In memory of those who have Crossed the Bar


John Howard Murphy


Engine Room Artificer, RCNVR


Born: 1915          Died: 1977


The write-up below on John Murphy, his cousin Edward Chisholm (SS Victolite) and his friend Bink Tutty (SS Candolite) were submitted by Thomas Murphy, John's son.


In the early stages of the Second World War John had a chance to sail to Europe in 1941 working onboard a tanker.  He turned it down, but referred a friend Bink Tutty to the job.  The ship, an Imperial Oil tanker, the Candolite, was captured by the German raider Kormoran in March 1941. Bink spent until 145 in various German P.O.W. camps.  A cousin of John's, Edwin Chisholm, went also in one of these ships, the Victolite, and his ship was sunk on 10 Feb 1942 by U-564. Edwin was the son of John's uncle Alex Chisholm. Edwin was lost in this sinking.


Historical note on the Imperial Oil's "Lite" tankers:  On 04 Feb, U-109 torpedoed and sank SS Montrolite, an Imperial Oil tanker en route from Venezuela to Halifax. Only twenty of Montrolite's crew of forty-eight were rescued.  On 18 Jan 1942, U-564, a VIIc class U-boat, left La Pallice, France under the command of Reinhard Suhren for operations of the US East Coast. On 10 Feb, northwest of Bermuda, U-564 torpedoed and shelled SS Victolite, bound for Las Peidras, Venezuela. Note of Victolite's crew of 45 and two gunners survived although a SOS was sent and received by the US Navy.  On 05 May, SS Calgarolite, sailing for Cartagena, was torpedoed by U-125 south of Cuba. There were no casualties but three of Canada's fur largest tankers had been destroyed within a space of a few months.


John volunteered for and was accepted in the RCNVR in 1942 as an Engine Room Artificer 4th Class, Petty Officer, V48703. John began his service at the training depot HMCS CORNWALLIS in Halifax. He was there from 15 Sep 1942 until 16 Nov 1942 to complete new entry training.  He was then drafted to HMCS STADACONA in Halifax for further training until Jun 1943. After STADACONA, he was drafted to HMCS PROTECTOR in Sydney, NS where he served until drafted to his first ship, HMCS DRUMMONDVILLE, a minesweeper on 20 Oct 1943 where he serve until 28 Jan 1944.


John took quite ill with kidney stones. He was admitted to hospital in Sydney, NS, then transferred to the RCN Hospital in Halifax.


On 16 May 1944 John was drafted to HMCS HOCHELAGA in Quebec - a administrative base and manning pool for those waiting for the ships under construction.  On 15 Jun 1944 John was drafted to HMCS RUNNYMEDE where he served until 13 Jul 1945 on convoy escort duty between St. John's, Newfoundland to Londonderry, Northern Ireland.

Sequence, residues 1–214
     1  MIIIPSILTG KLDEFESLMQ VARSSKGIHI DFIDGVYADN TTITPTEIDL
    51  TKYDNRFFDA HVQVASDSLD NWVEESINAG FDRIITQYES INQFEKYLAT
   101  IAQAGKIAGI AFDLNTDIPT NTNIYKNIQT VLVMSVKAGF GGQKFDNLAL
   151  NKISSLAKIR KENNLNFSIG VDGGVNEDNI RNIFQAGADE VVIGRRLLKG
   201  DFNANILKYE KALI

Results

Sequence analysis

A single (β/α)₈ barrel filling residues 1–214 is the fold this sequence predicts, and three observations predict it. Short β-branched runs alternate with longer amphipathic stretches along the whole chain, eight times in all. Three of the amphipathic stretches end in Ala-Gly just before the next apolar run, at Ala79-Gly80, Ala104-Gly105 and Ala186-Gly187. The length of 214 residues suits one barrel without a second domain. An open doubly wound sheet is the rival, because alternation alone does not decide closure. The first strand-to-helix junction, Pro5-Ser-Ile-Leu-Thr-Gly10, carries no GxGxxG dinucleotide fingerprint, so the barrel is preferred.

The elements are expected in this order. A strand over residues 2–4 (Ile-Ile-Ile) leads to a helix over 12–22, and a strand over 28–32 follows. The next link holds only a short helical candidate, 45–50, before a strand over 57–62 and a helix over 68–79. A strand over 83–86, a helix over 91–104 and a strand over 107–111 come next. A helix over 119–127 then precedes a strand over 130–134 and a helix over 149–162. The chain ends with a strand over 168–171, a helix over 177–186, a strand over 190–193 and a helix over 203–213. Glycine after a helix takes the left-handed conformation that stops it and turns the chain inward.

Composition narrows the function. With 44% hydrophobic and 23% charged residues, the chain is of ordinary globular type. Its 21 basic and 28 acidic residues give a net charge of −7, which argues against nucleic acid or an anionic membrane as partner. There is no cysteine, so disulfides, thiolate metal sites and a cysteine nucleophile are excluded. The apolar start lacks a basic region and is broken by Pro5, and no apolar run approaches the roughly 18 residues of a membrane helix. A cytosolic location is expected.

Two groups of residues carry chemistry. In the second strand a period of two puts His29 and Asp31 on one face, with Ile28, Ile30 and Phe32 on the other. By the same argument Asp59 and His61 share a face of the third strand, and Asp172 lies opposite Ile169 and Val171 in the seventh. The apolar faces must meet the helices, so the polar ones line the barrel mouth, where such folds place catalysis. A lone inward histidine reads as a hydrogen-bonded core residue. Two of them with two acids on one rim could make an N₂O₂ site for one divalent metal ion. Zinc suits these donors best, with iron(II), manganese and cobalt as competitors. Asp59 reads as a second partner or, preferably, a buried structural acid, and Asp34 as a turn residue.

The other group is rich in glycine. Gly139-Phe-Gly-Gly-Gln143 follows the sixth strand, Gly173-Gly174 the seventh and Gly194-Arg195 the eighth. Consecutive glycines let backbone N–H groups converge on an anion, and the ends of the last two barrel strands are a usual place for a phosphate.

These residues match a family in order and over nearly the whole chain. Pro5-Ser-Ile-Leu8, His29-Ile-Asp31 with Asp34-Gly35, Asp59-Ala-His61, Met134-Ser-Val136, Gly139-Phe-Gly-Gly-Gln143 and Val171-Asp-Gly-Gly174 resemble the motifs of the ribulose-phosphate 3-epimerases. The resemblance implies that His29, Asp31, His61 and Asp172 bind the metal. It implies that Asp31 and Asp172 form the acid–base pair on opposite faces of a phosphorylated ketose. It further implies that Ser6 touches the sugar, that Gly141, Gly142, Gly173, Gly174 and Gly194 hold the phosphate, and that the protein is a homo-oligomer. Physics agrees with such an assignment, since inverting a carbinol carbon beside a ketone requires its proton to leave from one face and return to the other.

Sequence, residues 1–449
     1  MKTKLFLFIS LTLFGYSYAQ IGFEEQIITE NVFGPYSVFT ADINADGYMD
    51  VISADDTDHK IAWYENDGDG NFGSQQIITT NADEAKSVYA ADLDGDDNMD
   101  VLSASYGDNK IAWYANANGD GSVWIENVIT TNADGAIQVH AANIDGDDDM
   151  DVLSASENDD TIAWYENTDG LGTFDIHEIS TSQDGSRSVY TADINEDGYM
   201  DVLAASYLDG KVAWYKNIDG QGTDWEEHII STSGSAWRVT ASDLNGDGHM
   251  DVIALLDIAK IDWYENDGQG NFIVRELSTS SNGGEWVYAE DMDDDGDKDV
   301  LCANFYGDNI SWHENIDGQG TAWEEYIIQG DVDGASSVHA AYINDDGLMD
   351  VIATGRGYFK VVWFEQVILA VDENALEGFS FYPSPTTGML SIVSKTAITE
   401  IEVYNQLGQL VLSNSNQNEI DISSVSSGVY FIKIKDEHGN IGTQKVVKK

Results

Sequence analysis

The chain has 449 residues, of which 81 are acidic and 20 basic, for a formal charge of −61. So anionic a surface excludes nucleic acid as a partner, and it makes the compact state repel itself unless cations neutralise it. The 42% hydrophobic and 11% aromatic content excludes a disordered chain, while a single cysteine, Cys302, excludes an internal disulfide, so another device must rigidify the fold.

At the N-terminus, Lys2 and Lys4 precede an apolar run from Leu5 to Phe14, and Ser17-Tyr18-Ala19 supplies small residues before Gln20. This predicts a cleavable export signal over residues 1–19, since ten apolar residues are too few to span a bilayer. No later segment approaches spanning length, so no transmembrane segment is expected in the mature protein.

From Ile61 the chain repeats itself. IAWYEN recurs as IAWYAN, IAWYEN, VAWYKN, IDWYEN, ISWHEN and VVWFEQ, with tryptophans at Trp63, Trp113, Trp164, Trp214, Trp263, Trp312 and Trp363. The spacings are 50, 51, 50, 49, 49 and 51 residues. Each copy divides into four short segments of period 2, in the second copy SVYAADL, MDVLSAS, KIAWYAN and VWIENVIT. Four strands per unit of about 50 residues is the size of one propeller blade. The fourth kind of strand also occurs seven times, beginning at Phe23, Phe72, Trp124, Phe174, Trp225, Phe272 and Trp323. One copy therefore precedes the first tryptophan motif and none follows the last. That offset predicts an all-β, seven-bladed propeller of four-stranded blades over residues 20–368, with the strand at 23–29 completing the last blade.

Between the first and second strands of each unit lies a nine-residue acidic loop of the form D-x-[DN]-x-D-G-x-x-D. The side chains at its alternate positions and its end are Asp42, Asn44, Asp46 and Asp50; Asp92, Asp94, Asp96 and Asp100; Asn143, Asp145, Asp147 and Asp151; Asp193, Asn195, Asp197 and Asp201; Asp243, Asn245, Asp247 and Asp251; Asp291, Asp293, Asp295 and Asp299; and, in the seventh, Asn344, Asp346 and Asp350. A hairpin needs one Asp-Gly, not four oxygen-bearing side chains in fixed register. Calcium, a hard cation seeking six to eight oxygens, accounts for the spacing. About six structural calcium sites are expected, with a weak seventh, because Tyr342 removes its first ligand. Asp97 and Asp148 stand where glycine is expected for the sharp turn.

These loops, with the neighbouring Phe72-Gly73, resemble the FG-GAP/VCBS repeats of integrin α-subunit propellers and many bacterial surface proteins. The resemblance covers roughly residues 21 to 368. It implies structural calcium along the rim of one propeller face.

As most people who saw active service, John said little about his service during the war. When questioned he said he did once sea a ship torpedoed at night. He said he preferred being in the engine room as it was always warm and dry compared to watch on deck. As to the fact of escape through small hatches if the ship was hit, he said the men just didn't think about it. John did say it was probably the most exciting part of his life. He was "old' for his position, being 29 years old with many teenagers aboard. His good humour and character made him many good friends in the service. Mel Purvis, for one, came from Cleveland, Ohio to say his "last goodbye to the Murph" at John's funeral in 1977.  Most of the anecdotes about the war deal with practical jokes and food. One, for example, was when Mel and John were renting a room in Londonderry, Ireland. One boarder had a parrot which they convinced their landlady could talk.  It was John, of course, talking through the side of his mouth beside the parrot calling to the landlady "Hello you old bag". Andy Turnbull, Ross Gordon and Art Ross were other good friends who corresponded and visited often through his lifetime. One employee in later life was Big John, of German background.  Both Johns worked out that they had been on the North Atlantic at the same time, one attacking in a U-boat and the other dropping depth charges - "'wasser bombs" as Big John called them.


John was discharged from the navy on 01 Oct 1945. He had volunteered for duty in the Pacific against Japan, but World War II was over before he left for the west coast. His wife, Therese, recalled that for quite a while after the war John would jump at a telephone ring, as the call for action stations on a warship was a continuous ringing bell.  John had a "very good" rating from every officer who rated him.